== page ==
By Jeffry Bartash, MarketWatch
The numbers: U.S. manufacturers grew in June at the slowest pace in more than two years, hurt by trade tensions with China and Mexico and weak exports, a survey of executives found.
The Institute for Supply Management said its manufacturing index slipped to 51.7% in June from 52.1% in the prior month.
Readings over 50% indicate more companies are expanding instead of shrinking, but the index has fallen three months in a row and is well off recent highs.
The index hit a 14-year peak of 60.8% last August, but it began to decline after a U.S. trade dispute with China intensified and spurred a round of tariffs by both countries
What happened: Customer orders were basically flat in June. The ISM orders index slid 2.7 points to 50% — a point at which bookings are neither rising or falling. It was the lowest reading since December 2015.
Inventories also contracted and exports barely increased.
The decline in new orders likely stems from the an impasse in trade talks with China that spurred the White House to announce a new round of tariffs, though Trump rescinded the order over the weekend after meeting with the Chinese leader.
Trump also briefly threatened to apply tariffs to all Mexican imports last month to pressure authorities to crack down on migrants trying to enter the U.S. via the southern border.
Although Trump later dropped its threat, the move caught businesses by surprise. Many executives complained about the White House trade strategy.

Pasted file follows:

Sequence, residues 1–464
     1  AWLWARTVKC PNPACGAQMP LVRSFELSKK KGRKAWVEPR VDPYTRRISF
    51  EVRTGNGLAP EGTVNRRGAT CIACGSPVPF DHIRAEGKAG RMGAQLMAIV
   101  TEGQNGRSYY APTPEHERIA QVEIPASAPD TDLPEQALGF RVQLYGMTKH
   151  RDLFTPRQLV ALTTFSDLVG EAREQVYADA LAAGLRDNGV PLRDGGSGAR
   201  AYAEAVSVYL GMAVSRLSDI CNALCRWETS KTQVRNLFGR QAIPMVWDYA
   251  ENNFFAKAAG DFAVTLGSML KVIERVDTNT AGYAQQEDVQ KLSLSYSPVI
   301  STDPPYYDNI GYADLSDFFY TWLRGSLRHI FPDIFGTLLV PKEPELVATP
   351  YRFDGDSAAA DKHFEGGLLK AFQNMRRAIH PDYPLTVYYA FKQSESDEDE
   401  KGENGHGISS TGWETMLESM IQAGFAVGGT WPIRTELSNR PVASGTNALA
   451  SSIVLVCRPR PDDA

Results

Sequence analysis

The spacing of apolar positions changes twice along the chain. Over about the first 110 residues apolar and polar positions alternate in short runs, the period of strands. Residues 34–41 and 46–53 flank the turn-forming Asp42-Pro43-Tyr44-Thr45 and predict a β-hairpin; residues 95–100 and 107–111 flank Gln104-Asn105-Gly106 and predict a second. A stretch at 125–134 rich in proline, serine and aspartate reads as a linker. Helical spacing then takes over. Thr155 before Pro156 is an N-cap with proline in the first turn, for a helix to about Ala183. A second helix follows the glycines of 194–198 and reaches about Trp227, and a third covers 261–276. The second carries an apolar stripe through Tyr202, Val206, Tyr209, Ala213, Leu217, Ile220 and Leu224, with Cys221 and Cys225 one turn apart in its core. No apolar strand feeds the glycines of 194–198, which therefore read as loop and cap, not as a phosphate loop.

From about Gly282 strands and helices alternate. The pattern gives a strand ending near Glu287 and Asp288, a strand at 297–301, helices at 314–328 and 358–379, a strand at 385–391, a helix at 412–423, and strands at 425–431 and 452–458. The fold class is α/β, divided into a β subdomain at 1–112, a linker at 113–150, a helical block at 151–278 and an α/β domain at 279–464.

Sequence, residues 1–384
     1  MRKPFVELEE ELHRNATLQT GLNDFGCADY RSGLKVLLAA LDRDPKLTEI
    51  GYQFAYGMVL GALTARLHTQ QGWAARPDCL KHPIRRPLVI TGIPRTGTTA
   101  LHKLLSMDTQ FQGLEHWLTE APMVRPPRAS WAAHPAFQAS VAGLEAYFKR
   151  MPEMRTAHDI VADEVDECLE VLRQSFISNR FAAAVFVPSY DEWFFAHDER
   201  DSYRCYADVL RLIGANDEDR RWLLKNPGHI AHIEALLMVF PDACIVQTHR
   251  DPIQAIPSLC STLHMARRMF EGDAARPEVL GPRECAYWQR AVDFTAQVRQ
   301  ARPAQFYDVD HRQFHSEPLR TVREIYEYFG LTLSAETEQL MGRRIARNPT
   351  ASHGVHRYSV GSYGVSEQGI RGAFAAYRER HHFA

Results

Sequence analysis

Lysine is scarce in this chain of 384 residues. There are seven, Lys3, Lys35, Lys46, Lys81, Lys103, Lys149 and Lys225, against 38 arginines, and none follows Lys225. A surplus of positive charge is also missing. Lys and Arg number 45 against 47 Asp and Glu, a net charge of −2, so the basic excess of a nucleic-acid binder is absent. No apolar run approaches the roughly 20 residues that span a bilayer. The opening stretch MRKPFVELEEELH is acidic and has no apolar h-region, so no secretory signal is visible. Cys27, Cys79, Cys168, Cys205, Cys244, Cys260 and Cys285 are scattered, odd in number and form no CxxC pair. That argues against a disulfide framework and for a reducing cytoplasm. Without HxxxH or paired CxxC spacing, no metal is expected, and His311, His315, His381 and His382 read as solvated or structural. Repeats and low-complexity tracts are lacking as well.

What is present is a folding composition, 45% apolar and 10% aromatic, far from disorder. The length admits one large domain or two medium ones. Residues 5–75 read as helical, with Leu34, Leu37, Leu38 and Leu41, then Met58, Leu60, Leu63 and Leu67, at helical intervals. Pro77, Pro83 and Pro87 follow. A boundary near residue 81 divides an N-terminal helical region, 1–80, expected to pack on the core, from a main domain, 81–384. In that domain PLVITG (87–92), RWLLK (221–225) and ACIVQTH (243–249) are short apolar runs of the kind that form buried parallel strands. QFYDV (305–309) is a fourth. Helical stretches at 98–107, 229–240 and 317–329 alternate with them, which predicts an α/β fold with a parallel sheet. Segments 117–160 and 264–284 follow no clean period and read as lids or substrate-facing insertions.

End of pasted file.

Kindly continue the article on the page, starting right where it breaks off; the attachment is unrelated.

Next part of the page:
“China tariffs and pending Mexico tariffs are wreaking havoc with supply chains and costs. The situation is crazy, driving a huge amount of work [and] costs, as well as potential supply disruptions,” said an executive at a computer maker.
“Tariffs continue to adversely impact decisions and forecasting. Our increasing fear is that current trends will weaken the global economy, influencing our ability to grow in 2020 and beyond,” said an executive at a company that makes fabricated-metal parts.
A few positives: Production rose and employment did, too.
The index is compiled from a survey of executives who order raw materials and other supplies for their companies. The gauge tends to rise or fall in tandem with the health of the economy.
The big picture: The U.S. economy on Monday set a record for longest expansion ever — it’s going on 121 months — but it’s not nearly as strong as it was one year ago. The main culprit: The ongoing trade war with China that’s disrupted the global economy.
The U.S. and China agreed over the weekend to delay another round of tariffs as the continue to negotiate, but as long as the tensions remain, businesses will be caught in the middle.
What they are saying?: “Relations with both China and Mexico have improved since this survey data was collected, so next month should be better,” said Thomas Simons, senior money market economist at Jefferies LLC.
“If the White House is able to forge a solid trade deal with China, both investment spending and manufacturing activity will again improve,” he said. “However, the longer trade tensions persist and accelerate, the more severe will be the consequences for the U.S. economy.”
Market reaction: The Dow Jones Industrial Average (DOW:DJIA) and S&P 500 index (S&P:SPX) rose in Monday trades. Stocks have surged to record highs on hopes of a Fed interest-rate cut and relaxed trade tensions with China.
The 10-year Treasury yield (XTUP:BX:TMUBMUSD10Y) was little changed at 2.01%. The yield has sunk from a seven-year high of 3.23% last October.